U.S. marshals take over jail escape investigation
U.S. Marshals have taken over the investigation of two men who escaped from custody at the Sunnyside jail in the early morning hours of Nov. 30, according to Sunnyside Det. Sgt. Jeff Cunningham.
Of the four federally housed inmates that escaped, two have been captured.
Rodolfo Cortez-Orozco was taken into custody in Yakima on Dec. 1. Escapee Jose Moreno-Ruiz was also arrested earlier this month, following a tip in Pasco.
The search is still on for escapees Aaron Garcia, 28, and Ernesto Gallegos, 29.
According to U.S. Marshal Supervising Deputy Steve Thompson, one deputy is currently assigned to the case.
"We've got leads put out to all over the country where we think they could've gone," he said.
The fact that the men have gang affiliations has presented challenges when it comes to others helping to hide the fugitives, he said. But, he added, "There is no honor among thieves. One of their friends or family will probably turn them in." There is still a $5,000 reward per fugitive for information leading to their arrests, he added.
All information given that leads to the arrests of Garcia and Gallegos will be kept confidential. "Once it comes to us, it's strictly confidential," Thompson said.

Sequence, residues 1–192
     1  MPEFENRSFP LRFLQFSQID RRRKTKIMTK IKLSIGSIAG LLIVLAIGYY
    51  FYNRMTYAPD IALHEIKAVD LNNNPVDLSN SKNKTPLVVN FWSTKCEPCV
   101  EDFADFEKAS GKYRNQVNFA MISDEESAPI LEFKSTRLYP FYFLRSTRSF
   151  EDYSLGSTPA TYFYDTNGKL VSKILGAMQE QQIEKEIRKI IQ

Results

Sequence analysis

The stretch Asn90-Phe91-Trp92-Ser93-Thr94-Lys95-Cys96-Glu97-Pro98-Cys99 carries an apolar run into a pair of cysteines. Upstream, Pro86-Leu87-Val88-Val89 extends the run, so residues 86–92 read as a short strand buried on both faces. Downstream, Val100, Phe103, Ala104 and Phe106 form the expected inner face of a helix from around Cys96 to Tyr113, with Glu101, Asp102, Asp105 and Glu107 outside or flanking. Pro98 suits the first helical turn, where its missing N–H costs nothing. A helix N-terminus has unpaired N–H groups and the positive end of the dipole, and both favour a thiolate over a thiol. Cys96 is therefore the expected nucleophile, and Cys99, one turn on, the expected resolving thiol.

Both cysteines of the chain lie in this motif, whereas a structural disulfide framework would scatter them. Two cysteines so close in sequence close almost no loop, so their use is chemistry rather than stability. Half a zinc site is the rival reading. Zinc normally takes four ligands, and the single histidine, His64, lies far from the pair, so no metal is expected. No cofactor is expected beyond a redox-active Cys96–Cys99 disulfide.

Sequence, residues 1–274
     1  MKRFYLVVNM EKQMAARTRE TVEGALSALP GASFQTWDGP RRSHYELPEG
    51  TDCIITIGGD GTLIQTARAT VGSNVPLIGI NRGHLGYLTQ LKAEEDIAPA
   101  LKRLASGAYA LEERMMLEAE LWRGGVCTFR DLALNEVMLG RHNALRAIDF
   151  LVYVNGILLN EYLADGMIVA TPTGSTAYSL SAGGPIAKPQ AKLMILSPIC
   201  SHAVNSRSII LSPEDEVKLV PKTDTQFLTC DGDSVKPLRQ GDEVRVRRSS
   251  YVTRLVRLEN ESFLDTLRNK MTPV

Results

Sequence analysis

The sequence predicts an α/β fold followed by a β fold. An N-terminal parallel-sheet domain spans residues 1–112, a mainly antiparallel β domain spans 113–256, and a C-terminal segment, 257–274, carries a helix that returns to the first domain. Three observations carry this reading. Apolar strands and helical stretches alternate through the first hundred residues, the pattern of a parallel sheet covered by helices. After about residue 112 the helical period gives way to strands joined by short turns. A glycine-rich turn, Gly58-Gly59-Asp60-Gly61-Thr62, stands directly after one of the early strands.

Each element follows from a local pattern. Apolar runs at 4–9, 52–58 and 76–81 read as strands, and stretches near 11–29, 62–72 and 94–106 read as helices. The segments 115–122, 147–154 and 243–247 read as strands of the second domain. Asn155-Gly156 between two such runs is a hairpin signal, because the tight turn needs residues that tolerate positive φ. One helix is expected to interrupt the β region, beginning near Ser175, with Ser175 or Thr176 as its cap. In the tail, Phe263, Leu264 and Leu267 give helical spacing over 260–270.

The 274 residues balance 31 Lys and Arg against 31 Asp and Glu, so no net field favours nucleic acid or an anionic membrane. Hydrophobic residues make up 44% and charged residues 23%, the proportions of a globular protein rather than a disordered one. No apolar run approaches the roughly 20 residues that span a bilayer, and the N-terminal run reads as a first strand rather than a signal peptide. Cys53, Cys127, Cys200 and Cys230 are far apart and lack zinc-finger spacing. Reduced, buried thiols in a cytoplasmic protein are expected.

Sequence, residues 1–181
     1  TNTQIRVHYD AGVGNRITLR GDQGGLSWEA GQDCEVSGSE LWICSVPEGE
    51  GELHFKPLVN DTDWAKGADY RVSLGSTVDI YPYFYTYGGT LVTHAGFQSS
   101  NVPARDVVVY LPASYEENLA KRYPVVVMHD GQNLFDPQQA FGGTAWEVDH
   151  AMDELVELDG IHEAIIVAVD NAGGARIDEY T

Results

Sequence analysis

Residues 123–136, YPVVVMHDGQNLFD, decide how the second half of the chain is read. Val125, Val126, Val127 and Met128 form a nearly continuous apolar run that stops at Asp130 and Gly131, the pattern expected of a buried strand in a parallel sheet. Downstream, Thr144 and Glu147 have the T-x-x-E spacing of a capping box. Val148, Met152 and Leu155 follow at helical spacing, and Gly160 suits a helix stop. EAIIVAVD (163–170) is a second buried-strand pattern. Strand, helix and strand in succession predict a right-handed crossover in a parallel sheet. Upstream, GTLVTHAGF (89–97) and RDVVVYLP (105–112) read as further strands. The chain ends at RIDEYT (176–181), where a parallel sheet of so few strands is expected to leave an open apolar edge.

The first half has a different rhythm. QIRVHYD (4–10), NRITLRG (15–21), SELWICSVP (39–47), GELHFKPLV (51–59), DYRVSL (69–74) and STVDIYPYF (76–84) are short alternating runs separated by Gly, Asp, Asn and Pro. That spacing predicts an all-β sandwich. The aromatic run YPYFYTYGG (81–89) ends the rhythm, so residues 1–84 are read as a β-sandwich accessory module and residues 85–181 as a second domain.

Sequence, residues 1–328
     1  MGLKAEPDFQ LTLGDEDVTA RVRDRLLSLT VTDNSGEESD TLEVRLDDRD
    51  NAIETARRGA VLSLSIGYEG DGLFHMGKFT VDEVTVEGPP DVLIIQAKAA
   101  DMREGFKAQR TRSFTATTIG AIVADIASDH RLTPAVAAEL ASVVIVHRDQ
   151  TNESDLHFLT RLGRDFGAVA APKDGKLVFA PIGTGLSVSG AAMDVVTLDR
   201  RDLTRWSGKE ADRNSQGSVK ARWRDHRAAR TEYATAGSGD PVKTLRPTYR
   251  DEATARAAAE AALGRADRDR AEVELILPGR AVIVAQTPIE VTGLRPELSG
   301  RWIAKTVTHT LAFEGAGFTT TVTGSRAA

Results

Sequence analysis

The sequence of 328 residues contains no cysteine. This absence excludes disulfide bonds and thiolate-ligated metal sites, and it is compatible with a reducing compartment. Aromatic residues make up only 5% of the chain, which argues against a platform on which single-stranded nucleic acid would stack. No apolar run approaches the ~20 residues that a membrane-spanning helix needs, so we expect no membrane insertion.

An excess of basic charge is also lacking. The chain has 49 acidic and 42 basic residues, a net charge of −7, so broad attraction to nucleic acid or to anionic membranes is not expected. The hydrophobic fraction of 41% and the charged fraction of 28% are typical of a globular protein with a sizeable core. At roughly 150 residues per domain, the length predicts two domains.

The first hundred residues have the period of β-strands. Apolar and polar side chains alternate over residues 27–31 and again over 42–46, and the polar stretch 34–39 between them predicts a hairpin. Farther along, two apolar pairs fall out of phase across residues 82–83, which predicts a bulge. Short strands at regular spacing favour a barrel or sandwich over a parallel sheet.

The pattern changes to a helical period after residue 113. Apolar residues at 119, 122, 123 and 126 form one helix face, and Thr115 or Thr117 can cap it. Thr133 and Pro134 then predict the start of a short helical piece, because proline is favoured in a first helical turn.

Thompson said he believes that the maximum sentence for federal aiding and abetting is up to five years.
Thompson said tracking down a fugitive is quite different than following a drug investigation, when an officer knows where to find a subject once the investigation is complete. This, he says, is following a trail until the fugitive is caught.
While U.S. Marshals hunt for the escapees, Sunnyside has beefed up its policies to ensure nothing like this ever happens again.
According to Deputy Chief Phil Schenck, corrections officers have increased frequencies of cell searches and head counts.
And, he said, "We've fortified each of the jail cells." The escapees used the metal handle from a plastic mop bucket to create a hole in the shower ceiling. Now, says Schenck, the shower ceiling is made of fairly thick steel. The buckets at the jail are all now completely plastic, and what goes into a cell, comes out of a cell, he said.
Visitors are now allowed again at the jail. "With the design of our jail, it's impossible to introduce contraband. (Visitors) can't slip them a piece of paper, much less a tool."
Schenck echoed the reminder of the $5,000 reward per fugitive. "I have every reason to believe we'll capture the remaining two," he said.